Making the WTO Accession Work for Ethiopia: Lessons from Cambodia and Nepal


World Trade Organization (WTO) was established with the main objective of liberalizing multilateral trade, based on the belief that the liberalization of trade brings multiple of benefits to the world population. To this end, the preamble to the Agreement Establishing the WTO (Marrakesh Agreement), provides that “[t]he Parties to this Agreement, recognizing that their relations in the field of trade and economic [endeavor] should be conducted with a view to raising standards of living, ensuring full employment and a large and steadily growing volume of real income and effective demand.” Countries   also join it on the belief that a liberal trade regime will confer these benefits upon those who become members. Moreover, it is noted that the establishment of the WTO in 1995 represented a shift from a multilateral trading system based on diplomacy under the General Agreement on Tariffs and Trade (GATT) regime to one that operates under the rule of law. On the other hand, it is argued that the guidelines of accession process under Article XII of the Marrakesh Agreement are vague and making the accession process demanding and time consuming. It is also contended that the absence of clear guidelines of accession to the WTO has been allowing current Member states to impose “WTO+” obligations on acceding countries, which is more burdensome especially on least developing countries.

 Nepal and Cambodia are among the poorest countries in the world and they were   the first least developed countries (LDCs) to be acceded to the WTO since it was founded in 1995. Their application for membership was motivated by a desire to ensure predictable market access and become eligible for the special concessions available to LDCs under WTO rules. Moreover, the countries hoped to use accession to the WTO as an incentive for accelerating domestic economic, legal and institutional reforms to create a stable business environment and attract foreign direct investment. However, an analysis of their terms of accession confirms the general trend of exacting significant “WTO+” concessions by the developed members from acceding countries although they were agreed to facilitate and accelerate negotiations with acceding LDCs at the 2001 Launch of the Doha Round of trade negotiation.

 Currently, Ethiopia is also in the process of accession to the WTO. Needless to state, WTO accession is not an end in itself but a means to achieve greater national economic development objectives. On the other hand, the process of accession and terms of commitments have been found so demanding and the potential prospects of being a member of the WTO are mixed with potential challenges. As what is accepted during the bilateral negotiation phase finally  binds an acceding country, it would be wise to carefully and strategically negotiate favorable terms rather than rushing to agree to all onerous terms which compromises the national development objectives instead of bringing the anticipated benefits of membership. To this end, learning from the experiences of other countries, notably LDCs, which have passed through the same process while acceding to the WTO, would be significant.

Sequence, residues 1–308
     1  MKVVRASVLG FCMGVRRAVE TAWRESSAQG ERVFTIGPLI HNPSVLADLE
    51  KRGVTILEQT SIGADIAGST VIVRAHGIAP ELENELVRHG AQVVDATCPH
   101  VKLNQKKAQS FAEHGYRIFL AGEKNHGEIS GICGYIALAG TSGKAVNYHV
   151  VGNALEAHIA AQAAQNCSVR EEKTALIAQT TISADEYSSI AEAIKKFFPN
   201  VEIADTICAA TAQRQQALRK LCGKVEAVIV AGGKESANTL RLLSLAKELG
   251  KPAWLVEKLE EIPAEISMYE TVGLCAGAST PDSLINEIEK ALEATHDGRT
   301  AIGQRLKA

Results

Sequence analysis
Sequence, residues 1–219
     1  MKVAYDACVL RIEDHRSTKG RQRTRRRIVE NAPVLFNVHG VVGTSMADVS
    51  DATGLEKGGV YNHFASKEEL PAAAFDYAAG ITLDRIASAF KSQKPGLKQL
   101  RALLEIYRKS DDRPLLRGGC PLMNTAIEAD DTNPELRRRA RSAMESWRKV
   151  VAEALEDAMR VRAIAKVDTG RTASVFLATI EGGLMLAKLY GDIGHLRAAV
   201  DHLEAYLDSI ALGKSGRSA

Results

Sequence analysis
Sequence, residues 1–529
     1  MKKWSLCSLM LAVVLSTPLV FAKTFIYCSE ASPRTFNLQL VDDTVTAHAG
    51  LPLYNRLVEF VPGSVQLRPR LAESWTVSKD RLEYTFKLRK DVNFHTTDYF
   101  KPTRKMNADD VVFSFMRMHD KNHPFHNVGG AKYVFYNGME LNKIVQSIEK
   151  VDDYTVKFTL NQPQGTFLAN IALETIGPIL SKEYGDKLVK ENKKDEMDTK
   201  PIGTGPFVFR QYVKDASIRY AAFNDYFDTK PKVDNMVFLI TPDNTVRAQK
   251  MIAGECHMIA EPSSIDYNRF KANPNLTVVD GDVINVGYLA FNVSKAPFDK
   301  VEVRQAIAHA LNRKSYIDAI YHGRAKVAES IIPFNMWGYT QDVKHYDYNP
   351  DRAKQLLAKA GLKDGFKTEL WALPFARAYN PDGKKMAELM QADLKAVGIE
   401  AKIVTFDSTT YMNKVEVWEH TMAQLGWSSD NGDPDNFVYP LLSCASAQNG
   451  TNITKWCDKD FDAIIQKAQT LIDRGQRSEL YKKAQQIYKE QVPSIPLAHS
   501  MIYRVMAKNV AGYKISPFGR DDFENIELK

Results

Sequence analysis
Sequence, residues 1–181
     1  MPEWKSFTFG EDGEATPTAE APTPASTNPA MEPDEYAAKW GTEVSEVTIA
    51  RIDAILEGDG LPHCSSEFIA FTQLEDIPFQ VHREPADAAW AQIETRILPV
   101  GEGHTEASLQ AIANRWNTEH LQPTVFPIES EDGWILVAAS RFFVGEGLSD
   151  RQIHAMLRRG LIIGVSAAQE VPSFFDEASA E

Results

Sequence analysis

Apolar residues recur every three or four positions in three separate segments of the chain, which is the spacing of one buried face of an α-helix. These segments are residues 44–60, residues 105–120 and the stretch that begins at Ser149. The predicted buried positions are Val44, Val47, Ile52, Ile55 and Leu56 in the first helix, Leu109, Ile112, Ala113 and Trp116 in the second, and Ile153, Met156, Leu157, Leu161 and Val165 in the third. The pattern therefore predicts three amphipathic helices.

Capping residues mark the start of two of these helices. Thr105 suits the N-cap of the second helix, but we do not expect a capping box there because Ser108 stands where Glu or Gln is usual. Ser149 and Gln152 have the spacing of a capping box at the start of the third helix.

This article examines the experiences of Cambodia and Nepal during the accession process, accession commitments, and accession implementation with a view to identifying some lessons that can be helpful to other acceding LDCs, particularly Ethiopia, devise successful strategies and avoid some of the mistakes in an effort to gain maximum benefit from their WTO membership. The article contains three parts. Part one deals with the WTO Accession process so briefly. The second part assesses the experiences of Nepal and Cambodia during their accession process, accession negotiations and accession implementation. The last part produces some lessons that can be relevant to Ethiopia and other LDCs from the experiences of Nepal and Cambodia as well as possible recommendations. The study mainly employs secondary data.

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